Tremper Longman III, Robert Gundry professor of religious studies, contributed “Israelite Genres in their Ancient Near Eastern Context” to “The Changing Face of Form Criticism for the Twenty-First Century,” (Eerdmans, 2003). He co-wrote “A Biblical History of Israel” (John Knox/ Westminster Press, 2003). He also completed the third updated edition of “The Old Testament Commentary Guide” (Baker, 2003). He wrote “The Family in Wisdom Literature,” for “Family in the Bible” (Baker Books, 2003). In September he gave a talk in Singapore, “God and the Gods in the Poetic Literature,” at the Ichthus Symposium held at Singapore Bible College.
Chandra Mallampalli, assistant professor of history, has published an article, “British Missions and Indian Nationalism in Calcutta and Madras, 1880-1917” in “Imperial Horizons of British Protestant Missions” (Eerdmans 2003). His article, “Historiography and Contested Religious Identities,” appears in the December 2003 issue of the journal Dharma Deepika. He presented “Legal, Political and Theological Meanings of Leaving Hinduism” at the University of Wisconsin’s 32nd Annual Conference on South Asia in October 2003. He also delivered the Phi Kappa Phi lecture at Westmont in November, “Race, Religion and Law in Colonial India.”
Bruce McKeown, professor of political science, presented a paper, “Perspectives on Church-State Relations,” at the 19th Annual Conference of the International Society for the Scientific Study of Subjectivity in October at Kent State University. Aubrey Westfall ’04, a Westmont political science major, co-authored the paper.
Laura Montgomery, professor of anthropology, became a member of the board of the Council on Anthropology and Education as chair of the committee on post-secondary education at the American Anthropological Association Annual Meetings in Chicago in November 2003. She also made a presentation at the Wheaton College Anthropology Conference which followed the AAA meetings, entitled, “What Anthropology Can Teach the Middle- and Upper-class Church about Social Class.”
TechKnowledge Point (TKP), a company founded by David Newton, professor of entrepreneurial finance, and its strategic partner, Entrepreneur magazine, are publishing the second annual rankings of the top 100 collegiate entrepreneurship programs in the United States. The database includes 1,100 colleges and universities and more than 3,000 faculty profiles. The company has compiled a fee-based searchable database of more than 500 entrepreneurship programs that will debut in March at www.entrepoint.com. In August, TKP launched the SEED (Spirit of Entrepreneur-ship and Enterprise Development) national collegiate business plan competition. The eight semifinalists came to Santa Barbara in February for the national competition, co-sponsored by Westmont. Newton is the business financing expert for the fourth year for www.entrepreneur.com and writes a monthly column.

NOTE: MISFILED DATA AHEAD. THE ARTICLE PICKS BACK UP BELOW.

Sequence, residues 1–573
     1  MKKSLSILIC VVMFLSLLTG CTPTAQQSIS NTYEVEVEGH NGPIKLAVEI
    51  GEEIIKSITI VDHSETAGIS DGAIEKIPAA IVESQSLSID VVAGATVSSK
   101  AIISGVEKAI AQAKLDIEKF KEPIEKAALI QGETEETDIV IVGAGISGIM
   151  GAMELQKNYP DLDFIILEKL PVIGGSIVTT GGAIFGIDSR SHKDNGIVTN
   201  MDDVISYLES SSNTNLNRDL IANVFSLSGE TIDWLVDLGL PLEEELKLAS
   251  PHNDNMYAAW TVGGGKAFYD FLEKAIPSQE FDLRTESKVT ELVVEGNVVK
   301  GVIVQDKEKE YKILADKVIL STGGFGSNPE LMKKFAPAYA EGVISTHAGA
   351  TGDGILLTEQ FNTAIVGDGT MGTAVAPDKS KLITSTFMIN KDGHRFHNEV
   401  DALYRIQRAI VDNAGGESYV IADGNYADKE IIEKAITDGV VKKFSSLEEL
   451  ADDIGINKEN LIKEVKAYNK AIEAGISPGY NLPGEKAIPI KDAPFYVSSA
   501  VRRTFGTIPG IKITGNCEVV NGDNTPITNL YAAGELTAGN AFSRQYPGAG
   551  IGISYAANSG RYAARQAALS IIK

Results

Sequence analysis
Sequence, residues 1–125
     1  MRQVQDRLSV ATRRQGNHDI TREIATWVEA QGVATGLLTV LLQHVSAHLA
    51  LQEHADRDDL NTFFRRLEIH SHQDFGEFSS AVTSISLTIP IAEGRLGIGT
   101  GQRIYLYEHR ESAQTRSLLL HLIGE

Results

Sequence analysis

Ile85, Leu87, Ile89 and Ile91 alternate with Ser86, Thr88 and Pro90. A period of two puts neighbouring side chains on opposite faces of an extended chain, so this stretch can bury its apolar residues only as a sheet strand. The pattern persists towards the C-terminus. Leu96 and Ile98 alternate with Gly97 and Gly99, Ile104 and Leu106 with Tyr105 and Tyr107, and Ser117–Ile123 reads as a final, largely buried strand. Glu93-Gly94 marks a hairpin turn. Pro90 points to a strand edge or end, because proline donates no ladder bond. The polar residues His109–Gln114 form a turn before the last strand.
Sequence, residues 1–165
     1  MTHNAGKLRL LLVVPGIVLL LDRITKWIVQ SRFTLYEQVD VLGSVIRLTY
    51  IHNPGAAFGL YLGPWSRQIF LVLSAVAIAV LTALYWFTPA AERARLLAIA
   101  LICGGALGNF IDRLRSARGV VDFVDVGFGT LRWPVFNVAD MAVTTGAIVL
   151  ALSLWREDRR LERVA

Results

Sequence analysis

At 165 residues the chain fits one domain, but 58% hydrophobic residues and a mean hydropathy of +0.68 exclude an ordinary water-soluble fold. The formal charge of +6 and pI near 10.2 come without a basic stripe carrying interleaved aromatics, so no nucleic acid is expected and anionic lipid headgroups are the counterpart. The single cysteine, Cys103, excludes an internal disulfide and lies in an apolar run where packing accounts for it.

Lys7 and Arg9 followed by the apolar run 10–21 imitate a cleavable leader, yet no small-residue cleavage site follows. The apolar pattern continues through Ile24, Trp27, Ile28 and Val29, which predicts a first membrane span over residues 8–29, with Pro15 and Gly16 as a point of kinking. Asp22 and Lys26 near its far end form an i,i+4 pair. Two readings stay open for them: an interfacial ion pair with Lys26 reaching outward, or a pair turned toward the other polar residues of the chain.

In September, Susan Penksa, associate professor of political science, attended the opening of the Srebrenica memorial in Bosnia and Herzegovina (along with Amy Meyer, a Westmont alumna). Former President Clinton was one of the guest speakers. The memorial honors the 8,000 victims of the July 1995 genocide carried out by Bosnian Serbs. She was invited to participate at a political conference in Sarajevo in September, “Building Europe — Enlargement Today and Tomorrow,” co-sponsored by the Konrad Adenauer Foundation and the Delegation of the European Commission to Bosnia and Herzegovina. She co-authored an article, “EU Security Cooperation and the Transatlantic Relationship,” for the September 2003 edition of Cooperation and Conflict.
A new body of work by Susan Savage, associate professor of art and chair of the art department, focused on a simple silver bowl. “Bearing Witness: Recent Paintings by Susan Savage” was on exhibit Feb. 2 through March 5 in Westmont’s Reynolds Gallery.
Greg Spencer, professor of communication studies, spoke in chapel in September on “The Slaughter of Innocence: What Herod and Hollywood Have in Common.” In November, he presented a paper, “The Rhetoric of Innocence in Film: Stories of Loss and Redemption,” at the Lilly Conference, The Narratable World, in Seattle.
Paul Willis, professor of English, contributed an essay, “Spokane: A Triptych” to the fall 2003 issue of Image: A Journal of the Arts and Religion. He will give poetry readings at Elizabethtown College in Pennsylvania in March and at Calvin College in Michigan in April.